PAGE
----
1,000 + Retired Officers

Discussion in 'Military' started by Comanche Sun, Apr 10, 2009.

  1. Comanche Sun
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    1,000+ Retired Officers Change Debate on Gays in the Military
    by Elaine Donnelly

    04/10/2009


    Despite mixed signals from the Obama administration, a distinguished group of retired leaders called Flag & General Officers for the Military has taken a stand in support of the 1993 law stating that homosexuals are not eligible to serve openly in the military. That law, frequently mislabeled “Don’t Ask, Don’t Tell,” has been upheld by the courts as constitutional several times. It enjoys solid support among active duty military men and women who recognize its positive effect on recruiting, morale and readiness.

    Legislation to repeal the law (H.R. 1283) nevertheless has been re-introduced in the 111th Congress. That initiative prompted the release of an open letter (pdf) personally signed by more than 1,000 retired flag and general officers who support the 1993 law.

    The list (pdf) of statement signers, which includes 47 four-star leaders from all branches of the service and has since climbed to more than 1,100, is posted under the banner Flag & General Officers for the Military. The group’s website also displays an Issue Overview setting forth reasons why the high-ranking retired officers have reason for concern. Recruiting, retention, and overall readiness would be undermined if Congress passes legislation to repeal the 1993 law, Section 654, Title 10, U.S.C.


    http://www.humanevents.com/article.php?id=31416

    please read the copyright rules for posting articles on the board.
    the first few grafs and a link, please.
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  2. Comanche Sun
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    No problem sonny.
     
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    The issue is a bit more complicated than simply repealing the 1993 law or instituting new policies that might allow gays to be more open. The policies regarding homosexual acts are based on the Uniform Code of Military Justice. This would literally take an act of Congress to institute any real change. Some aspects of the UCMJ are outdated anyway, so this might not be such a bad idea. Many of its regulations don't really apply to today's customs and morals. For example, oral sex is strictly prohibited. While this is the basis for banning homosexual behavior, technically, a Soldier, Marine, Sailor or Airman would be in violation of the UCMJ in the privacy of their own bedroom with his or her own spouse. Of course, this strict interpretation isn't enforced. However, this illustrates how the UCMJ is in need of being updated.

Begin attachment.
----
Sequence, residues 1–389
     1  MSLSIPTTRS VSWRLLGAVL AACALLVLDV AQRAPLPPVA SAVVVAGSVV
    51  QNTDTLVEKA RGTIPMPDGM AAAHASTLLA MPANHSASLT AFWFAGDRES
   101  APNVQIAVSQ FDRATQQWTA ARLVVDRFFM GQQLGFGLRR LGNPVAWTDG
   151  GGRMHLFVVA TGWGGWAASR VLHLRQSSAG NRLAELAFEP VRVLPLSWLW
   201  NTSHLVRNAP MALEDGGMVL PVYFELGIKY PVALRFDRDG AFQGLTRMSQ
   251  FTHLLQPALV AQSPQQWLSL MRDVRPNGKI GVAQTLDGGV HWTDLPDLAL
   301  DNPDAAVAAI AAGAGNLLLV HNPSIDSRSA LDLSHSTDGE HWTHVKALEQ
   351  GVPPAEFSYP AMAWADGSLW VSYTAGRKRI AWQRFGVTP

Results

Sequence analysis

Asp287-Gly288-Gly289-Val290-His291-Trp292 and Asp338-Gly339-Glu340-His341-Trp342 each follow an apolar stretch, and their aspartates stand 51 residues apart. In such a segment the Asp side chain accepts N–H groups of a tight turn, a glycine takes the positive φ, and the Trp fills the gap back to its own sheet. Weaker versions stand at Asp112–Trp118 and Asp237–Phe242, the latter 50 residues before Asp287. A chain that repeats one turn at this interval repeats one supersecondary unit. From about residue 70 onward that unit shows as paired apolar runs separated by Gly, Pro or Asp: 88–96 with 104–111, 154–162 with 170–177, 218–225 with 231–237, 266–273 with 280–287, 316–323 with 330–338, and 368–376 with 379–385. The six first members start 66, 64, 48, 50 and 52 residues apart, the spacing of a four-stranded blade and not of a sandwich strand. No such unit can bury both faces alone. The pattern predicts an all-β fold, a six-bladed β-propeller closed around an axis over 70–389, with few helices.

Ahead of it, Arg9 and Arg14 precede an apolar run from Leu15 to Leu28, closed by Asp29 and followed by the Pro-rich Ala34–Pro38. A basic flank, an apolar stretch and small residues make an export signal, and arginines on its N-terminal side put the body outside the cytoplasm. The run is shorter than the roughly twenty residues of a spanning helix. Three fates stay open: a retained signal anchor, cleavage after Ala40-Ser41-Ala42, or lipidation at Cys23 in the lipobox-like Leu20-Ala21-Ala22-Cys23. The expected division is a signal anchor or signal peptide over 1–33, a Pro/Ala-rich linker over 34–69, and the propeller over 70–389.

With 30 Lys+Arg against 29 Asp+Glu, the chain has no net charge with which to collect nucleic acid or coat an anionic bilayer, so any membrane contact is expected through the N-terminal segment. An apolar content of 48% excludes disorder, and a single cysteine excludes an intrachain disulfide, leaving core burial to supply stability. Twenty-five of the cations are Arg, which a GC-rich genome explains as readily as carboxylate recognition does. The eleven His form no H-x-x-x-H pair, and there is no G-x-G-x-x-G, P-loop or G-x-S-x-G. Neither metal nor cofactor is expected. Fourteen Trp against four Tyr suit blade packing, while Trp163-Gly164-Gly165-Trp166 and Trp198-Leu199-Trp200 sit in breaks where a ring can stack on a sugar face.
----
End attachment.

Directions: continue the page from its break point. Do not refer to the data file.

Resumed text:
The focus should not be on homosexuality. Instead, it should be on those behaviors that are detrimental to the good order and discipline of the military. And a lot of those types of behavior, believe it or not, result from heterosexual misconduct. Take a look at all the misconduct that occurs at basic training installations with drill instructors having inappropriate relationships with recruits. That's inappropriate heterosexual behavior!

    I don't have a dog in this fight. It doesn't matter to me if gays serve or not. I truly don't see the problem or concern. Having gays serve should not have any impact on traditional military standards of conduct and discipline.
     

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